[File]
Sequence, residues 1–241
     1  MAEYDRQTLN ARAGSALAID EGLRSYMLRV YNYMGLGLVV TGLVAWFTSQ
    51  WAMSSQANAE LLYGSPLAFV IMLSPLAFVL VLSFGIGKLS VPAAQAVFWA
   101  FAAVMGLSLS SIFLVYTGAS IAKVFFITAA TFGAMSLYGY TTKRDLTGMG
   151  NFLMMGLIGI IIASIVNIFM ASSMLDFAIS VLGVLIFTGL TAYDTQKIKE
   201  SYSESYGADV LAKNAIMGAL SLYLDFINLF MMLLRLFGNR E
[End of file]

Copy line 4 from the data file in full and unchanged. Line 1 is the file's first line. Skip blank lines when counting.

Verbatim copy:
   101  FAAVMGLSLS SIFLVYTGAS IAKVFFITAA TFGAMSLYGY TTKRDLTGMG